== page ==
Eight Tennessee officers’ names to be added to national memorial
NASHVILLE —During National Police Week (May 9-May 15), the Tennessee Department of Commerce & Insurance (TDCI) and the Tennessee Law Enforcement Training Academy (TLETA) will raise awareness of the ultimate sacrifices made by Tennessee law enforcement officers, as well as the family members, friends and fellow officers they left behind.
Established by a joint resolution of Congress in 1962, National Police Week pays special recognition to those law enforcement officers who have lost their lives in the line of duty for the safety and protection of others. This year, the names of 394 officers killed in the line of duty are being added to the National Law Enforcement Officers Memorial in Washington, DC. These 394 officers include 295 (182 fatalities are COVID-19-related) who died during 2020, plus 99 officers who died in previous years but whose stories of sacrifice had been lost to history until now. In Tennessee, the names of eight fallen officers will be added to the memorial during the ceremony.
During May 9–May 15, the National Law Enforcement Memorial and Museum will deliver programs to keep current officers safe and healthy, as well as ceremonies to honor those fallen officers whose names have been recently added to the Memorial. The 33rd Annual Candlelight Vigil will happen virtually on Thursday, May 13 at 8 p.m. EDT.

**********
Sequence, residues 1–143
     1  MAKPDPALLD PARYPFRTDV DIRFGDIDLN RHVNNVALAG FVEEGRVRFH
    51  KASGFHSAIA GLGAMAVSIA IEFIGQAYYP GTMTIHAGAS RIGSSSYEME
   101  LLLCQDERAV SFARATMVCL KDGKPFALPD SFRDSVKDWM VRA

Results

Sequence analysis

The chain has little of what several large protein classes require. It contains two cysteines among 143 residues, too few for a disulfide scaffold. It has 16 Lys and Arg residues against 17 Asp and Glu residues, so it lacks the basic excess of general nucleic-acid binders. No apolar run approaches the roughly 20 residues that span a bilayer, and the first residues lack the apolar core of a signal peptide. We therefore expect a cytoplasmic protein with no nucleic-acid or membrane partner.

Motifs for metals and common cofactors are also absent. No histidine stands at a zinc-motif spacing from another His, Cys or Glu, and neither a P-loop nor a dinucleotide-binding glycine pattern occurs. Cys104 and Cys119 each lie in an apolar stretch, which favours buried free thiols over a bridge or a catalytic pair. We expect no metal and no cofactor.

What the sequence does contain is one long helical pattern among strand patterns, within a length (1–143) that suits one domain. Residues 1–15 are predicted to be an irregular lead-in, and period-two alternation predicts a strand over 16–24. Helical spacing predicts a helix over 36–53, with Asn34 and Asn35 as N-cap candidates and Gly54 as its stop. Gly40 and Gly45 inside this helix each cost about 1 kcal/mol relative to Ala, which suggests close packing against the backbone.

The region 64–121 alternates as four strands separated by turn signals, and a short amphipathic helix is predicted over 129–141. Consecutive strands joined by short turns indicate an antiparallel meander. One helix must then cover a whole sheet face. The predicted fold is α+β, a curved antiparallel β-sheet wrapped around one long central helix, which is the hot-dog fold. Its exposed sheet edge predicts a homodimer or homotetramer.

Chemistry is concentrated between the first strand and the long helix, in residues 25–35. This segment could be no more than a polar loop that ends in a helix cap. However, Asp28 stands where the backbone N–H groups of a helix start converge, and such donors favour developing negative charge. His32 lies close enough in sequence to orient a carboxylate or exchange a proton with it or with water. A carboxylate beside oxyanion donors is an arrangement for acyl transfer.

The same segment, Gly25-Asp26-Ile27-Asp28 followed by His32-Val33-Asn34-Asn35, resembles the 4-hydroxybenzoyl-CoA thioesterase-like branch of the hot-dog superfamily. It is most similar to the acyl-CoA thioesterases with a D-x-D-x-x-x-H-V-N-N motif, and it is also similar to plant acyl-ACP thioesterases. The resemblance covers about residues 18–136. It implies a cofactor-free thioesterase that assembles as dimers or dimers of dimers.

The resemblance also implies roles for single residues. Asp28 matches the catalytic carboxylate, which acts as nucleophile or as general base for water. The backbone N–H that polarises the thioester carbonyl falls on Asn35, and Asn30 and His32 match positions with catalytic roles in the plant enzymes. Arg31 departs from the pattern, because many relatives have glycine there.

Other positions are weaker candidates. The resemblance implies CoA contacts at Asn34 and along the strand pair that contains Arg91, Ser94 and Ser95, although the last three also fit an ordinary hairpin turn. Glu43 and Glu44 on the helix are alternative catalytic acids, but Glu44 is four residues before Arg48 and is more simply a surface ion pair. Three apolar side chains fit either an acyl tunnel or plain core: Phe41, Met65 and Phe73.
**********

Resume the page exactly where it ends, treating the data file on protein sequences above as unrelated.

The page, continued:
“At the start of each shift, every law enforcement officer knows that he or she may be called upon to make the ultimate sacrifice of his or her life in order to save someone else,” said TLETA Director Brian Grisham. “Law enforcement officers are called upon to demonstrate bravery each day in the face of enormous obstacles and at great personal risk. I commend the heroism of Tennessee law enforcement and I extend my heartfelt sympathies to the families and friends of every officer who lost his or her life while protecting his or her community.”
The Tennessee Law Enforcement Training Academy (TLETA) was authorized by the 1963 General Assembly for the purpose of training state, county and city law enforcement officers. The Academy, which is based in Donelson, was brought under the Department of Safety in 1983 and joined TDCI in 2006. TLETA’s Basic Police School course provides technical and tactical expertise in addition to the ethical and professional standards needed to be a successful law enforcement officer. This year, TLETA expects to train more law enforcement officers than ever before through its Basic Police Recruit and specialized training courses.